george hancock stefanOne rainy evening, the greatest theologian of the 20th century stood inside a stadium and witnessed something incredible. Karl Barth attended one of the Billy Graham’s Evangelistic Crusades. The two men viewed the world differently and interpreted the Bible differently, but he saw people who experienced the preaching of Billy Graham and were transformed by the way he preached the Word of God.

This past week, his family announced that Billy Graham, God’s clarion in the second part of the 20th century, went to be with the Lord at the age of 99. The man who grew on a dairy farm and wanted to be a baseball star went to an evangelistic crusade held by Mordecai Ham because he had a car and could drive his friends there. His life was changed that night. Graham changed the direction of his life and became the greatest evangelist of the 20th century.

In a conversation that Jesus Christ had with the disciples, He tells them that they will do greater things because he goes to the Father. Church historians confidently assess that, if there is one person who has fulfilled this verse, it was Billy Graham. Statistically no one has preached the gospel to more people during a lifetime than Billy Graham. No one has presented the gospel to more people in government than Billy Graham; if he had a meeting with senators or presidents or a queen, he always took the opportunity to present the claims of Christ. No one used evolving technology better than Billy Graham who used the printed page, stadiums, television, and the Internet to tell people about Christ.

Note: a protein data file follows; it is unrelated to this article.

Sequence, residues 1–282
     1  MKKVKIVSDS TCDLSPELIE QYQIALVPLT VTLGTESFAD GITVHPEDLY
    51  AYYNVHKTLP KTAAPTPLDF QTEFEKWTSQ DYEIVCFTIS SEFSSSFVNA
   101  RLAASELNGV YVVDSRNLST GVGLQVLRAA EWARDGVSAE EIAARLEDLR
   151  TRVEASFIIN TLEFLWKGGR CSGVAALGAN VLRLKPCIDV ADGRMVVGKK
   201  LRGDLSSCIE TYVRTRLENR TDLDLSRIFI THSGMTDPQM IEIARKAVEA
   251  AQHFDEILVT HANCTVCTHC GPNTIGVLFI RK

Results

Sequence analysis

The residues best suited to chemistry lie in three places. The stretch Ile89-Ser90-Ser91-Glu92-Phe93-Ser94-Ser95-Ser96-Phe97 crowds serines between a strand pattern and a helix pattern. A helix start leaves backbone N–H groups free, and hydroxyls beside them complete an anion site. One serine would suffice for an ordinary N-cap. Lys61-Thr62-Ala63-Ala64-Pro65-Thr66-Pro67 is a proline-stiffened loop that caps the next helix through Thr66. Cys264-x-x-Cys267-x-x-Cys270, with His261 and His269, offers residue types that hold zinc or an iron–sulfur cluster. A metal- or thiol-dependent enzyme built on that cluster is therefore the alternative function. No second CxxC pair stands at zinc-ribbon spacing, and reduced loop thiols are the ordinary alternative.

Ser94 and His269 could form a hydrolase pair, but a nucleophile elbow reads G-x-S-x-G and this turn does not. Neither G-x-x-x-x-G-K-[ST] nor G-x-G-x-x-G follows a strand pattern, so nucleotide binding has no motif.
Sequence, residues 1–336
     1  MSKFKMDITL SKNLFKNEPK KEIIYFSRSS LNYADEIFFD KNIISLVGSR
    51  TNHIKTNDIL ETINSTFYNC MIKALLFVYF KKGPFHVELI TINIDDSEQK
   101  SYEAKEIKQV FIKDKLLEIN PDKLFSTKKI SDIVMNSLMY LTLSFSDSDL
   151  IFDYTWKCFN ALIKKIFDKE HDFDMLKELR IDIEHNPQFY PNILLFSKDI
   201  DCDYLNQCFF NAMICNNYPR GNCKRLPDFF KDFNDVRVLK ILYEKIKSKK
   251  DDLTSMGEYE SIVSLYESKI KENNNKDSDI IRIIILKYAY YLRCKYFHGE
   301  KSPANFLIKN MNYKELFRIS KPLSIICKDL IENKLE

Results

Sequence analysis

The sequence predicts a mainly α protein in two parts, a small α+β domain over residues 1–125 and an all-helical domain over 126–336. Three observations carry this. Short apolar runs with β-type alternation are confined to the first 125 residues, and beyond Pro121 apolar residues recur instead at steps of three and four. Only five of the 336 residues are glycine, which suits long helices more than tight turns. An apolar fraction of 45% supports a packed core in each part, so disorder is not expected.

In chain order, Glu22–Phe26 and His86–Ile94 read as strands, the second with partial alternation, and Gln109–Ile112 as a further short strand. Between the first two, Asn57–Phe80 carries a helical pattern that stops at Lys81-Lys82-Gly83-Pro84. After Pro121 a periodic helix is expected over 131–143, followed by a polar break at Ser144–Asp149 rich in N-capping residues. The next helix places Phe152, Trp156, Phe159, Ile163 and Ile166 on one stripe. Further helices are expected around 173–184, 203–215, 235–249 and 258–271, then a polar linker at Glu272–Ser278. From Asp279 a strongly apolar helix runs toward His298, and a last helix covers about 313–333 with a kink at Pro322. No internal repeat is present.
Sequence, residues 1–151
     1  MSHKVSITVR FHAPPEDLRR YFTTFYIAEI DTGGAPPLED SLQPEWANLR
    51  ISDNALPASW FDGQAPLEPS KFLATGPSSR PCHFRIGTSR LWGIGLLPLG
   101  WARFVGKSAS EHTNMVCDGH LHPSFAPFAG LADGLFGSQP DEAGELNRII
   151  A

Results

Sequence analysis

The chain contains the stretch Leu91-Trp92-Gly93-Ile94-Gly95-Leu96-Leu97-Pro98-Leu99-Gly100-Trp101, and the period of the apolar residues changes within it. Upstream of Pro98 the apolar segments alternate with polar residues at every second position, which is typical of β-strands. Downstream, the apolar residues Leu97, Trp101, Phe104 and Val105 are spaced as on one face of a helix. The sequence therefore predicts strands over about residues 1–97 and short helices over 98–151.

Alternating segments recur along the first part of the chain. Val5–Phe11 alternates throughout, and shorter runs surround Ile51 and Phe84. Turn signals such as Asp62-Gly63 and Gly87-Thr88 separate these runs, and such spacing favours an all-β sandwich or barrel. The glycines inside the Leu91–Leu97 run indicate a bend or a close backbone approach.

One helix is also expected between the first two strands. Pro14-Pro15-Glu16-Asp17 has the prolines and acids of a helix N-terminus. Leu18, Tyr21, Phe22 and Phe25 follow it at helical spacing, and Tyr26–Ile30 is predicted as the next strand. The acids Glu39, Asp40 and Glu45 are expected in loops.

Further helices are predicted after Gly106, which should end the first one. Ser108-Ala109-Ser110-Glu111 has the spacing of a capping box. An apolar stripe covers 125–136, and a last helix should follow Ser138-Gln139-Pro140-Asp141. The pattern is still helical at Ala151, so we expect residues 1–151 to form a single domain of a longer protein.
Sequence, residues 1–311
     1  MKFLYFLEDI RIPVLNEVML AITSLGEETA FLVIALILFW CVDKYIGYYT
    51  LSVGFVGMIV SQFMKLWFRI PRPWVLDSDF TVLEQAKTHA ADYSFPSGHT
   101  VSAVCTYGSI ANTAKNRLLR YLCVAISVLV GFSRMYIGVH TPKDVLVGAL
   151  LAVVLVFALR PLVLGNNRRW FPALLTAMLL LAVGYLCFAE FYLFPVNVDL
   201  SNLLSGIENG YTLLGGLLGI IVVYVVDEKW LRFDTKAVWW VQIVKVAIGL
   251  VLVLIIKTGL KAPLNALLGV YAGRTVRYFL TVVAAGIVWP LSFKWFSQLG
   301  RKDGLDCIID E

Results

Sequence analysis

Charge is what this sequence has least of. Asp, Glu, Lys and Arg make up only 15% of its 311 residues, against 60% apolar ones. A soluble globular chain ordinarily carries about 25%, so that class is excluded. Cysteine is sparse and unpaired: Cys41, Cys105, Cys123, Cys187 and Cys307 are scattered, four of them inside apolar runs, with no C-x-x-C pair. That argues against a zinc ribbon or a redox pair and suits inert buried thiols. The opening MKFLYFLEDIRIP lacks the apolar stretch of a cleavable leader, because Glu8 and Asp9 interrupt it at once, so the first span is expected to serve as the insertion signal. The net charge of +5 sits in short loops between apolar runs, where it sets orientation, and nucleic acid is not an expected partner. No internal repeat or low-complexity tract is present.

Once he died, the accolades poured in and so did the criticisms. He was criticized for missed opportunities in politics, for not pushing for specific issues, for spending more time on the crusades than with his family, and for not accepting and utilizing enough scholarly work. In the midst of these criticisms, it is always good to remember that Billy Graham had a primary focus:    to preach the gospel in order to make the Lord Jesus Christ known.  Everything else was secondary. He was not a politician, a theologian, a diplomat, or even a church pastor. He was a simple evangelist proclaiming the gospel so that people would understand and make a decision for Christ.

Over the six centuries that he preached the gospel, millions of people came to the saving knowledge of the Lord Jesus Christ. They were academics, jurists, politicians, engineers, office workers, and trade professionals. They came to Christ because the message was clear, and God used that simple message to bring people into His Kingdom.

I had the opportunity during my life time to attend several crusades in Chicago and Newark and hear him speak at international forums such as the Baptist World Alliance Conference in Los Angeles and Toronto. I also worked with the Billy Graham Evangelistic Crusade for their crusade in Romania during the communist regime. It was during those long negotiations that I saw the complexity of the crusade, as well as the wisdom of the texts that Billy Graham chose for each crusade. The majority of Romanians are Eastern Orthodox, with a great reverence for Mary the Mother of Jesus. So Graham used the biblical text about the wedding at Canna of Galilee when Mary says, “Do whatever he tells you to do.” He followed that by asking the question, “What do you think Jesus is telling us to do?” It was a simple message, it connected well with the audience, and it brought hundreds of people forward because they wanted to do what Jesus wanted them to do.

God will raise other people to preach the gospel and the unsearchable riches of God. But those of us who lived in the 20th century witnessed a great evangelist who lived for the glory of God and faithfully preached the gospel faithfully at every opportunity. Farewell, beloved brother!